Bits of information that passed by my eyes this week when studying travel economics for different countries in Europe as potential travel destinations revealed some interesting patterns. These are kind of random pieces of information that stuck with me after several days. The catalyst for looking at tourism numbers is wondering where the least touristed countries are in Europe, what the cost of living is in different places and where are there good balances between the cost of hotels, cost of living, tourist infrastructure and safety. For example, Croatia has some highly rated national parks, but like the USA, it can be difficult to reach some of these places on public transportation. Switzerland has fantastic public transportation infrastructure, but the cost to take a plane can be less than the cost of a train in Switzerland to travel 100 miles.
France is the most visited country in the world with over 84 million international arrivals. USA is #2 with only 75 million. Spain is the 3rd most visited country in the world with about 60.6 million arrivals. (2015 data World Economic Forum using 2013 World Bank data).
Moldova is the least visited country in Europe with 11,000 to 96,000 international tourist arrivals, depending on source. Belarus is one of the most difficult countries to enter in Europe as a tourist and arrivals there are under 150,000 per year. Iceland has expanded tourist arrivals rapidly with WOW Air and the island nation will probably surpass one million arrivals in 2016.
USA = 75.011 million international arrivals for same data reporting period as shown below.
- France 83.767 million
- Spain 64.995 million
- Italy 48.576 million
- Turkey 39.811 million
- Germany 32.999 million
- United Kingdom 32.613 million
- Russia 32.421 million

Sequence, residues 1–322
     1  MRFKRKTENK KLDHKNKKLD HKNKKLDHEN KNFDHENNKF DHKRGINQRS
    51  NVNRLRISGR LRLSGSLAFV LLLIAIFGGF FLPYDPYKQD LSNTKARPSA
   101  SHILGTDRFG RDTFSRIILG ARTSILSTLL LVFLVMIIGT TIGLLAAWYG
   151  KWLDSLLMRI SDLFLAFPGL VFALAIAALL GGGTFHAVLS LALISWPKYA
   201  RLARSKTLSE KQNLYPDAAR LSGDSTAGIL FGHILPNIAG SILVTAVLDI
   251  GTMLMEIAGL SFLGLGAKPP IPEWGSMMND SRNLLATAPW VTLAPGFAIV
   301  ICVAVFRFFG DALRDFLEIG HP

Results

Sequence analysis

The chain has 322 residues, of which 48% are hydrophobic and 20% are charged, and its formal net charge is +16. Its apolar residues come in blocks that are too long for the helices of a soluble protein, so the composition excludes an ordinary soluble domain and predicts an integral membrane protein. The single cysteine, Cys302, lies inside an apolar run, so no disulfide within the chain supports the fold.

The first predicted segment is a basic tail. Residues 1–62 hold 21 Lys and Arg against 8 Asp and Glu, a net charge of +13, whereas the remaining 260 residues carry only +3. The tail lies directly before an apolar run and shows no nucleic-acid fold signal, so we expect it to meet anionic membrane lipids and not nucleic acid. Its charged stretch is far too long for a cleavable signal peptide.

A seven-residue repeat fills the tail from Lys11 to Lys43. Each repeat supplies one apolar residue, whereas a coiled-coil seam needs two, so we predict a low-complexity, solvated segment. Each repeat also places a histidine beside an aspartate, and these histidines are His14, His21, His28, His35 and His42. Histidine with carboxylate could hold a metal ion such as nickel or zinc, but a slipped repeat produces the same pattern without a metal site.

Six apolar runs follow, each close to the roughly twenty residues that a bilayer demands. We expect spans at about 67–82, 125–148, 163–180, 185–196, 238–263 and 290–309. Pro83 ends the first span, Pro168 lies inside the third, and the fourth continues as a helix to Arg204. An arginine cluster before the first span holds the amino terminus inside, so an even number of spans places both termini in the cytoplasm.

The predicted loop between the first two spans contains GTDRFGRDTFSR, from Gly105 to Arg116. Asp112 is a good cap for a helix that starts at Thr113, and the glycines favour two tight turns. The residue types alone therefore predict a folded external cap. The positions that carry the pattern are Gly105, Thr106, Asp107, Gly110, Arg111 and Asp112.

- Austria 25.291 million
- Greece 22.033 million
- Poland 16.000 million
- Netherlands 13.925 million
- Ukraine 12.712 million
- Hungary 12.140 million
- Croatia 11.623 million
- Czech Republic 10.617 million
- Switzerland 9.158 million
- Denmark 10.267 million
- Portugal 9.092 million
- Ireland 8.813 million
- Romania 8.442 million
- Belgium 7.887 million
- Bulgaria 7.311 million
- Slovakia 6.235 million
- Sweden 5.660 million
- Norway 4.855 million
- Finland 4.226 million
- Albania 3.341 million
- Estonia 2.918 million
- Cyprus 2.441 million
- Slovenia 2.411 million
- Andorra 2.353 million
- Lithuania 2.063 million
- Latvia 1.843 million
- Malta 1.690 million
- Montenegro 1.350 million
- Serbia 1.029 million
- Iceland 998,000
- Bosnia and Herzegovina 536,000
- Macedonia 425,000
- Monaco 329,000
- Belarus 137,000
- San Marino 75,000
- Liechtenstein 54,000
- Moldova 11,000
In a survey of Norwegian Airlines routes, I found the airline flies to most of these places.
Loyalty Traveler – Norwegian Airlines flies between 30 countries in Europe (April 24).
World Economic Forum Travel & Tourism Competitiveness Report 2015
There are a couple of sources for tourism spend, cost of tourism index, and lists of most expensive and least expensive cities. Many of the articles I read used same travel data statistics I found in the World Economic Forum Travel & Tourism Competitiveness Report. The two most useful pieces of data for me are the visitor arrivals and Competitive Price Index. There is also average visitor spend for each country, but that is less useful since a country like Moldova shows higher spend than Switzerland. The price index seems to be a more useful data point for comparing relative cost of travel in different countries.
Switzerland is Expensive by Most Measures
Switzerland is ranked as the most expensive country for a tourist to visit by many surveys. One of these rankings is the World Economic Forum Travel & Tourism Competitiveness Report 2015. That global survey of countries gives the USA a rank of 4.27 for Price Competitiveness.
The lower the number, the more expensive travel is for the country. The lowest numbers in Europe are 2.57 for Switzerland, 2.73 for UK and 2.95 for France. Only Canada 3.63 and Barbados 3.58 are countries in the Americas with a Price Competitive Index under 4.00, meaning these countries are likely to seem expensive compared to USA prices for Americans traveling through the country.